Apr 112010

image Use of an oversized, and worn, U-shaped insert in a wire stopper failed to restrain a pennant wire that came under tension, resulting in the death of an AB on an anchor handling tug, reports the International Maritime Contractors Association.

Says IMCA: “A member has reported a fatal incident which occurred during anchor handling operations. The incident occurred on an anchor handling tug (AHT) whilst crew were attempting to disconnect an anchor buoy weighing 1.4 tons from its pennant wire shortly after retrieval.

The anchor buoy was winched onto the deck of the AHT until the pennant was in the wire stopper used to prevent the buoy from being pulled back towards the stern by sudden tension on the pennant wire. (See Fig. 1 Step 1.)


Two crew members were disconnecting a shackle between the pennant wire connected to an anchor on the seabed and the buoy on deck (See Fig.1 Step 2), when suddenly the pennant wire came under tension.


The wire stopper failed to stop the pennant wire effectively and the sudden tension on the pennant wire jerked the buoy towards the stern of the vessel.

The two crew members who were busy disconnecting the shackle where struck by the moving buoy. (See Fig. 1 Step 3). One crew member died instantly, the other suffered a minor injury.


Root cause
Our member conducted an investigation and the root cause of the incident was determined to be that the wire stopper failed to stop the pennant wire. This happened because an incorrect (oversized with respect to the diameter of the pennant wire) ‘U-shaped insert’ was mounted into the wire stopper. This ‘U-shaped insert’ also displayed excessive wear and tear.

As a consequence of this the socket at the end of the pennant was able to pass through the wire stopper when the pennant wire came under tension.

The sudden tension on the pennant wire came about because the survey screen on the bridge of the AHT displayed a ‘design anchor position’ instead of the ‘as laid’ anchor position. Based on the information presented by the survey screen, it was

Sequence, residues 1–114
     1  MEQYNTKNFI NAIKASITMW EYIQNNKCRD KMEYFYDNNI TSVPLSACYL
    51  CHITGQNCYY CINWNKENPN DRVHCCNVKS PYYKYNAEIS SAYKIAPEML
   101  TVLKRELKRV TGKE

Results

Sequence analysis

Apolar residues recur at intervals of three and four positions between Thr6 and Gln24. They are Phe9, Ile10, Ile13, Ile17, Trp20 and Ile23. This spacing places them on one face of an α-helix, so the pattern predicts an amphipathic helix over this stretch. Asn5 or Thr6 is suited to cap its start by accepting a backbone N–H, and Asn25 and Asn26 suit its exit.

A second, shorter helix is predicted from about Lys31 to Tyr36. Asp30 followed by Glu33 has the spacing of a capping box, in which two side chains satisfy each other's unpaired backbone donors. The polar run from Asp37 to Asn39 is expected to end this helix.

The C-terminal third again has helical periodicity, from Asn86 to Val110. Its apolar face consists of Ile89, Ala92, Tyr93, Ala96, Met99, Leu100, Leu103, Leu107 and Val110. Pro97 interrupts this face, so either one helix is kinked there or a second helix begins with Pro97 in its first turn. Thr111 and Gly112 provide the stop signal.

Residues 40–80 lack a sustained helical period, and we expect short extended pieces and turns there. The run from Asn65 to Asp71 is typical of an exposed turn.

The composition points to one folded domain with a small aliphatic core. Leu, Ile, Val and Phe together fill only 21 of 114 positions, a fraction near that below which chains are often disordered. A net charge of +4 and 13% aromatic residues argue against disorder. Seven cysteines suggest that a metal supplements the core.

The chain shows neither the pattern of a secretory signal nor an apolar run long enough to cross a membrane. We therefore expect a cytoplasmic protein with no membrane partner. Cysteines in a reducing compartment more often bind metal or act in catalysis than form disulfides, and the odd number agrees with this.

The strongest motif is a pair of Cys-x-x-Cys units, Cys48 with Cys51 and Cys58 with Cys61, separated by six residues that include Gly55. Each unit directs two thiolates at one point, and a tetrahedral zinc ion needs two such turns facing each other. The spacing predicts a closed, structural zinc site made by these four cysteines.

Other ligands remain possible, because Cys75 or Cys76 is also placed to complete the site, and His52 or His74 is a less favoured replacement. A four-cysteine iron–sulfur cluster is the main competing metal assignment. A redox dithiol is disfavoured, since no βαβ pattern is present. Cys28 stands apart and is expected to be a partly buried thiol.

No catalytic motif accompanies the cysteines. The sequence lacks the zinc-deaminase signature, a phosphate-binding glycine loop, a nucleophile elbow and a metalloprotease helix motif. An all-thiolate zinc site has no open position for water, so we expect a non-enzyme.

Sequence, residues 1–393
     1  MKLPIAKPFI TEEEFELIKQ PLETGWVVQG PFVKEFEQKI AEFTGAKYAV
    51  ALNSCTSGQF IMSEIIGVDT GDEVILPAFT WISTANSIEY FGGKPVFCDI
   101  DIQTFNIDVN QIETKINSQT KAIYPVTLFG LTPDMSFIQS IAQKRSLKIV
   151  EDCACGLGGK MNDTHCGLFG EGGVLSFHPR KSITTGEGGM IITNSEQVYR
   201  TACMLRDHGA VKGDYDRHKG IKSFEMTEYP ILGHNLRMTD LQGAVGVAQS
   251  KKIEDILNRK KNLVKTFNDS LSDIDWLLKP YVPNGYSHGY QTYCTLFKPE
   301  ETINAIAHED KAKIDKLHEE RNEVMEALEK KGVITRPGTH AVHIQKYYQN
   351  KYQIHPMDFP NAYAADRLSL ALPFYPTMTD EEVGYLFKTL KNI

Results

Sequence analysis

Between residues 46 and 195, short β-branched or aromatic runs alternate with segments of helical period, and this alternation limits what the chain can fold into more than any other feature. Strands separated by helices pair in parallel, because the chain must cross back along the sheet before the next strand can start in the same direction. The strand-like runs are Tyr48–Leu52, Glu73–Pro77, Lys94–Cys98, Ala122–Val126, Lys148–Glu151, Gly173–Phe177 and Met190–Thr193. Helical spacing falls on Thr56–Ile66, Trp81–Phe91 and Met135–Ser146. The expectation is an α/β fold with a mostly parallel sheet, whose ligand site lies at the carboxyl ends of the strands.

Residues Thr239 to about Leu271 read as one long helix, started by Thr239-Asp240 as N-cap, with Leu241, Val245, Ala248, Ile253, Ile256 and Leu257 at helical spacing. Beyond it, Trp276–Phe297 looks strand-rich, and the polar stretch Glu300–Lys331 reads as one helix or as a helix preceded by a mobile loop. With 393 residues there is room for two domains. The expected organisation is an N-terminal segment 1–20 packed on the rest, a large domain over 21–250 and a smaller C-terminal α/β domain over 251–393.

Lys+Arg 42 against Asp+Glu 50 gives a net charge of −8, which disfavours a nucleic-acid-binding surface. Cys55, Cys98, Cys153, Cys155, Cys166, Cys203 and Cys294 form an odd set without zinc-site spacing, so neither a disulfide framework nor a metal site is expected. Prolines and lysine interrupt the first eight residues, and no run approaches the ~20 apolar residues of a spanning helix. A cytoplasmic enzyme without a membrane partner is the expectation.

assumed that there was sailing slack in the pennant wire when in fact, it was being tensioned.

Recommendations and corrective actions
Our member made the following recommendations and corrective actions:

  • A thorough check of the wire stopper’s exchangeable parts should be made to ensure that it is adequate to handle the actual pennant wire diameter, and this should be recorded
  • A monthly inspection and check on wear and tear of the wire stopper equipment should be added to the vessel’s planned maintenance system
  • The ‘as laid’ information of the anchor should be provided by the positioning subcontractor and displayed on the survey screen
  • The survey screen provided by the positioning subcontractor should be considered an additional tool to provide an assumed anchor location to the AHT, but this location should never be interpreted as representing the actual anchor position. A warning message to this effect should be displayed on the survey screen
  • A dedicated watch should be maintained throughout the operation of buoy recovery on the direction and tension of the pennant wire.

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